Orcas are the best known of any whale, as they have been extensively studied in the wild and in sea parks and aquariums. Killer whales most widely distributed marine mammals, found in all parts of the oceans; most abundant in colder waters, including Antarctica, the North Atlantic and Pacific Oceans. Orcas are the largest member of the dolphin family, with the males growing as large as 32ft, weighing 8-9 tons. Females can reach 23ft long and can weigh up to 4 tons. We have seen them while on whale watching cruises in LA in late Dec-early Jan.
The pilot whale, like the killer whale, is a member of the dolphin family, and is second only to the killer whale in size.The pilot whale feeds primarily on squid, although it’s known to eat octopus, cuttlefish, herring and other small fish when squid is unavailable. When we have lots of bait in the area, and warming local waters, these curious dolphin make an appearance.
False Killer Whales
False killer whales are large members of the dolphin family reaching about 20ft long. In adulthood, false killer whales can weigh approximately 1,500lbs. False killer whales have dark coloration except for some lighter patches near the throat and middle chest. They prefer tropical to temperate waters that are deeper than 3,300 feet. We usually see these tropical whales in mid-summer or during an extreme period of warming in our local waters.
Bryde’s whales, pronounced brewtus, are baleen whales. They are also difficult to identify until one is close enough to see the number of ridges on top of the head, as it is very similar to a Fin whale, another common species we see year round. The Bryde’s whale is smaller, and the adult male measures 40 to 50 feet and weighs about 26,000lbs. These whale venture beyond 40 degree north or south, and are most common in tropical and sub-tropical waters. We usually see these tropical whales in mid-summer or during an extreme period of warming in our local waters.
The sperm whale is the largest of the toothed whales and the largest toothed predator with some whale reaching 67ft. They are found in very deep, pelagic ocean environments. Whale watching in Los Angeles, our last encounter with Sperm Whales was in October of 2014.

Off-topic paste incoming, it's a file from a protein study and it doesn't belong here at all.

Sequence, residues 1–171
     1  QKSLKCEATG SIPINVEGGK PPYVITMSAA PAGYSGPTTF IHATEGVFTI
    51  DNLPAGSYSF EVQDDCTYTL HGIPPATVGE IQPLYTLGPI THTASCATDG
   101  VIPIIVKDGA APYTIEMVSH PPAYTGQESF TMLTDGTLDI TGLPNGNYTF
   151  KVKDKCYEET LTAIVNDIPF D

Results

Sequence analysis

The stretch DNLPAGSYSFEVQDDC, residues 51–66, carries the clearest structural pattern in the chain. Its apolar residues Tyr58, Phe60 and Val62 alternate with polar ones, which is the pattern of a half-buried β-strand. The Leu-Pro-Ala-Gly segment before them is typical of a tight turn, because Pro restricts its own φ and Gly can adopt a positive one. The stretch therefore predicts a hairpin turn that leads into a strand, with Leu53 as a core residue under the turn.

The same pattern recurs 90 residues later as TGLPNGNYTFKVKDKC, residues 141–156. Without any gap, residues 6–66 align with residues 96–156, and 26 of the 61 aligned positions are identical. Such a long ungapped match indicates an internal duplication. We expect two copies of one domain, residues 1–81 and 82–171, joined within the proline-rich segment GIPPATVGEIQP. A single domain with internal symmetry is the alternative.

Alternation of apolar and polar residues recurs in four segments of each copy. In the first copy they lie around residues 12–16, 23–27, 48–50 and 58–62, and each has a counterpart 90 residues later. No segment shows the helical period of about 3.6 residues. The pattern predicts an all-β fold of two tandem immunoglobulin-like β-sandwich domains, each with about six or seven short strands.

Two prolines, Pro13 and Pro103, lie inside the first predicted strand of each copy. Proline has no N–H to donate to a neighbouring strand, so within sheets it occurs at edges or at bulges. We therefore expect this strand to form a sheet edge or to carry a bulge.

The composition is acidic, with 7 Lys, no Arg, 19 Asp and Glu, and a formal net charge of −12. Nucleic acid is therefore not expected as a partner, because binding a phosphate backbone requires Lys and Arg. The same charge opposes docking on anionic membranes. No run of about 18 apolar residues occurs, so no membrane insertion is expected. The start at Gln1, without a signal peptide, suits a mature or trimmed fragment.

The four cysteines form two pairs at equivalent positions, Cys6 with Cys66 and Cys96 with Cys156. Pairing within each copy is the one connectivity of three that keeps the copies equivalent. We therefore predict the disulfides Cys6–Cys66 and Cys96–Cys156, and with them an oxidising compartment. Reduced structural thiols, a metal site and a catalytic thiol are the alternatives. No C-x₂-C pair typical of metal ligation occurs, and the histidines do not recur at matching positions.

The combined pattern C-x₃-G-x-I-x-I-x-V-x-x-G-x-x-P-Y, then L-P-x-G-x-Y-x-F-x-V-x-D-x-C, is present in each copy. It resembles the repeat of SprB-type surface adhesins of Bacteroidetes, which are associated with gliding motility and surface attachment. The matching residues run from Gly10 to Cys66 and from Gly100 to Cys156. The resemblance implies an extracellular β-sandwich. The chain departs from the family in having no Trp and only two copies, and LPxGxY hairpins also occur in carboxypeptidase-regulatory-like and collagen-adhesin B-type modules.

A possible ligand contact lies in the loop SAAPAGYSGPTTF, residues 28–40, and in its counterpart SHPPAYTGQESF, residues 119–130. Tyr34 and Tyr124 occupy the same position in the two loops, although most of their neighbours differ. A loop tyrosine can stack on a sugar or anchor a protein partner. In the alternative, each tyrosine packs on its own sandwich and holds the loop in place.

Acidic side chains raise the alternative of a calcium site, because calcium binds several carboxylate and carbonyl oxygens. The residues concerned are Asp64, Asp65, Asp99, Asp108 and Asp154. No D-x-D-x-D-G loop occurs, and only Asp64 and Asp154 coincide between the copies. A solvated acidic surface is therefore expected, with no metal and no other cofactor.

What You Won’t See
What you can’t expect is to see whales where you want them to be exactly when you want them to be there. This is nature, real life; not a multimillion-dollar theme park where every surprise is scheduled. Patience must rule the day. When you do see whales, you will realize they were worth the wait. Also, you will return to shore exhilarated, better educated about a fascinating animal, and more aware of what’s at stake if we lose even one species to extinction.
Sometimes people are disappointed when they first see a whale spout. “That’s it?” they say. “That little puff of steam that the wind blew away?” But when you’ve had a chance to do some whale watching in LA, you will find out that each of the great whales has a distinctive spout. Literally a large roomful of air and mist is exhaled each time a whale breathes. If you’re familiar with the height and shape of the different blows, and if the wind isn’t too strong, and if you’re facing the whale head on, sometimes you can tell exactly what sort of whale you’re seeing even if you don’t get a glimpse of the body or the dorsal fin or some other telltale sign. And sometimes, of course, you can’t.
If you know what to expect, if you know that the great whales range in size from 45 to 90 or 100 feet and weigh as much as 1.5 tons per foot, you’re less likely to be disappointed at the sight of a spout. If you know that a blue whale can weigh as much as thirty-two elephants or that a toddler could crawl through the arteries of any full-grown great whale or that a humpback’s flipper is more than twice the height of the tallest person you know, then your sense of excitement about even a distant sighting will increase. Chances are good – guaranteed at some spots such as Newport Harbor during December thru April for California Grey Whales – that you will see much more than a spout. Take binoculars or rent them, to get a closer look at whales in the distance.